Design Development

The report card—redesigned to act as a medium that provides actionable information in an understandable manner to facilitate positive dialogue among teachers, parents and students. The preview below shows the report card without any variable information filled (in its blank state).

The redesigned report card for class 6-8 filled with dummy information to give a sense of the representation of student evaluation.


The first round of design discussions ended with the identification of a need to run the re-designed report card with school teachers, especially those who are involved with the evaluation process. Tarun managed to set up a meeting with one of the teachers (by writing a beautiful e-mail) at DPS, Bopal–Mr. Noble Thomas, who has been working on creating systems (as excel spreadsheets and web based) to make it easier for teachers to handle evaluation data and remove the burden of making all the calculations to convert marks to aggregated grades.

It was by chance that there was also a PTA meeting at the school on the day I went to meet Mr. Noble. So after a nice ride on a bike with the wind blowing across my face, I got the opportunity to sit on some parent-teacher discussions. Since it was the middle of the academic year, the report card was not out yet but I could observe the concern on the parents’ faces and the yearning for some kind of feedback from the teachers. It almost felt like the teachers were counsellors for the parents–they just needed someone to talk to about their children.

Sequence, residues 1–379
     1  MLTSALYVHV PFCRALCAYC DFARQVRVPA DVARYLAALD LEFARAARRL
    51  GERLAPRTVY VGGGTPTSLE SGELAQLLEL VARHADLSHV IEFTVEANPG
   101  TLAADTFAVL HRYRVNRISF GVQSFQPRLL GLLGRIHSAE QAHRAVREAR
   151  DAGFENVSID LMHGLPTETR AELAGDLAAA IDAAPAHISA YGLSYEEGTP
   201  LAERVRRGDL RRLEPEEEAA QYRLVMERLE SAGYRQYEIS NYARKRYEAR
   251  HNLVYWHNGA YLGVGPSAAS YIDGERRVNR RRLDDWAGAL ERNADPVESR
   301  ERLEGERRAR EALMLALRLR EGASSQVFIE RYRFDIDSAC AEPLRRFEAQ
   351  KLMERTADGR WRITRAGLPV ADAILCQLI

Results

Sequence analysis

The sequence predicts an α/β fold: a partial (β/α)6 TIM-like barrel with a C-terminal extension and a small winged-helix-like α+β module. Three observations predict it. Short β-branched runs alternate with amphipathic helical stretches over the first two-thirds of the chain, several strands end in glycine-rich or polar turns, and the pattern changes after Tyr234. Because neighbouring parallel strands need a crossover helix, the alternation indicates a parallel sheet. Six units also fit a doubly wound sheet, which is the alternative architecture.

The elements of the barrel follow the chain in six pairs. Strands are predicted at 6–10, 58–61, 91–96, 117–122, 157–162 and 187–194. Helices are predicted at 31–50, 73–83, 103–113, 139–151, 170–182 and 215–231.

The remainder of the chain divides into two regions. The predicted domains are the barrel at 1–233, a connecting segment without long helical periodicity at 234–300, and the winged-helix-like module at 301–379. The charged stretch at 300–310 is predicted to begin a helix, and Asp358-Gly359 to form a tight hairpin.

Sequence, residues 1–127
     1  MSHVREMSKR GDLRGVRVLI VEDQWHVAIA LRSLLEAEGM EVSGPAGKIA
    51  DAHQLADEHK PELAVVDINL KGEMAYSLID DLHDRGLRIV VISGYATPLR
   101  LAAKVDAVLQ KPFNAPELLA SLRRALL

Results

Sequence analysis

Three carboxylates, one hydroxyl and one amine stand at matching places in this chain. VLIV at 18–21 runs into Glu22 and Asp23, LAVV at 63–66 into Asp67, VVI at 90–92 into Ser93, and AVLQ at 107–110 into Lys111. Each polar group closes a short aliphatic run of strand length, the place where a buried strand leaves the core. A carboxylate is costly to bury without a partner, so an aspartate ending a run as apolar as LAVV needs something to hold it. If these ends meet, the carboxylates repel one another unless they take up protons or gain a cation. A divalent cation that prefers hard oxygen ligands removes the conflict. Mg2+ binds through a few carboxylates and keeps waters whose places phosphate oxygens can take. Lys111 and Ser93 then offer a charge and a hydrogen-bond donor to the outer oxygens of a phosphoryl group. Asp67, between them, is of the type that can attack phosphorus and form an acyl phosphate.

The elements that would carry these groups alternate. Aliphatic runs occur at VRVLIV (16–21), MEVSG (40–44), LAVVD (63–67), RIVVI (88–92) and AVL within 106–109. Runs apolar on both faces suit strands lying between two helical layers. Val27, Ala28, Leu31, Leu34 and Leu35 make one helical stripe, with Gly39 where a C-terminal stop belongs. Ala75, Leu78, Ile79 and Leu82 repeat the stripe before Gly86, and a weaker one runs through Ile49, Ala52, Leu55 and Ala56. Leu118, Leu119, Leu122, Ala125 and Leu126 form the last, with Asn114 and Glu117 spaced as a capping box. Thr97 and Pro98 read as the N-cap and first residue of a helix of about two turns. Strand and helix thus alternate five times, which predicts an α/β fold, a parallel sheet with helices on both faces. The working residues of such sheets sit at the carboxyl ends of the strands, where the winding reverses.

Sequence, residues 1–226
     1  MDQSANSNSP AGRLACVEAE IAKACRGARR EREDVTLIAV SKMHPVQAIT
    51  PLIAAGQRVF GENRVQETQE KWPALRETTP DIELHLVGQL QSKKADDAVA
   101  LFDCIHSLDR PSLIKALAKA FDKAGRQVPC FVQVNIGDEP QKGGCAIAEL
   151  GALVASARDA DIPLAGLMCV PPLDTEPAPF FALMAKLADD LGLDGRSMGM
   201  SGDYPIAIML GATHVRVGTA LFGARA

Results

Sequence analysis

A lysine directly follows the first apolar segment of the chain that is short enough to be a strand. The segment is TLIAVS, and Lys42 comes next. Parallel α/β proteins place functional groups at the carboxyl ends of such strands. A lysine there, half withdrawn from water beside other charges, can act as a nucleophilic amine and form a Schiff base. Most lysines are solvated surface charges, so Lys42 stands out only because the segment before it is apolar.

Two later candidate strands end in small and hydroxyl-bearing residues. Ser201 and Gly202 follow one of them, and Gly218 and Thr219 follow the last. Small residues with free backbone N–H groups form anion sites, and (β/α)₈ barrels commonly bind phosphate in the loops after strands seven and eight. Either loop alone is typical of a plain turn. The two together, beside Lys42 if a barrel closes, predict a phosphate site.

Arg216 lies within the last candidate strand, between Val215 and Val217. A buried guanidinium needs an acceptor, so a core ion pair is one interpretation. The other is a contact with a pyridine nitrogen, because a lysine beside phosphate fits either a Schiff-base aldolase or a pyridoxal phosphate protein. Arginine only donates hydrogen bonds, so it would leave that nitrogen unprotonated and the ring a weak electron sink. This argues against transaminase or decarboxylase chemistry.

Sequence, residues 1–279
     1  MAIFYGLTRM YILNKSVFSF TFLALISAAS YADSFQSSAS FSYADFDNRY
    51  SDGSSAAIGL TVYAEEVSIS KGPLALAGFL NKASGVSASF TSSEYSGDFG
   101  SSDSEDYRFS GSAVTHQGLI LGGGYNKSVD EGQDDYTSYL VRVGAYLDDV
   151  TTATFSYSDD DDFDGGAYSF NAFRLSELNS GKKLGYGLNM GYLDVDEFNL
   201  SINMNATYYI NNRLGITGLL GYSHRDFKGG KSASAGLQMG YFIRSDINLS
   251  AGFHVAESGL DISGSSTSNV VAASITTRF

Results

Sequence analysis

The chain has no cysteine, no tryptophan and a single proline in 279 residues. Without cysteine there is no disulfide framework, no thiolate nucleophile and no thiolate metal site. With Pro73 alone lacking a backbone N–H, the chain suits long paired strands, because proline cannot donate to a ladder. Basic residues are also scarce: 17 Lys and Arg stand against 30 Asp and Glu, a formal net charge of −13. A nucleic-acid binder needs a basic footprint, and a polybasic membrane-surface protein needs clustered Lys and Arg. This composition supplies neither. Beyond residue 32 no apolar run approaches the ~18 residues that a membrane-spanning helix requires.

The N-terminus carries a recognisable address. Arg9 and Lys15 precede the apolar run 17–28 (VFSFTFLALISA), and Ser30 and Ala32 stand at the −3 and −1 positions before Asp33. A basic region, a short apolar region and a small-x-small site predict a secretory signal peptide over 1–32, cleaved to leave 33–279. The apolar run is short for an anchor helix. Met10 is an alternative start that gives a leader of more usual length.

Meeting Mr. Noble, who is a physics teacher (and extremely enterprising) proved to be extremely insightful. He confirmed my understanding of the evaluation system by drawing a simple flowchart to explain its various components and weighting. He showed me how teachers fill in evaluation data into the web-based system that the school has developed and how that gets reflected into grades.

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IMG_6831 copyWhen I shared the design of the report card that I had come up with, he was quickly able to identify areas that were ambiguous–the representation of the grading scale. I had not taken into account decimal points, so my grading scale would create confusion about the grade for a student who has scored marks between 90 and 91 (for example). Would he be given an A1 or an A2? Mr. Noble clarified that in their school, a student would be awarded the higher grade only if they score above 90 and anything up to 90 would be awarded the lower grade.

IMG_6826 copyThe web based system that they used required teachers to fill in about 5 to 10 questions to decide a grade for each indicator, which made it about 60-70 questions for each student. So it still took quite some time to evaluate each student. He also mentioned that the descriptive indicators were not entirely true or reflected the grade of the student as the CBSE mandate requires the descriptive indicators to be only written on a positive note, but the grade might not comply with what was written. Therefore, teachers get limited with their choice of words and parents are usually confused due to the conflict that this presents.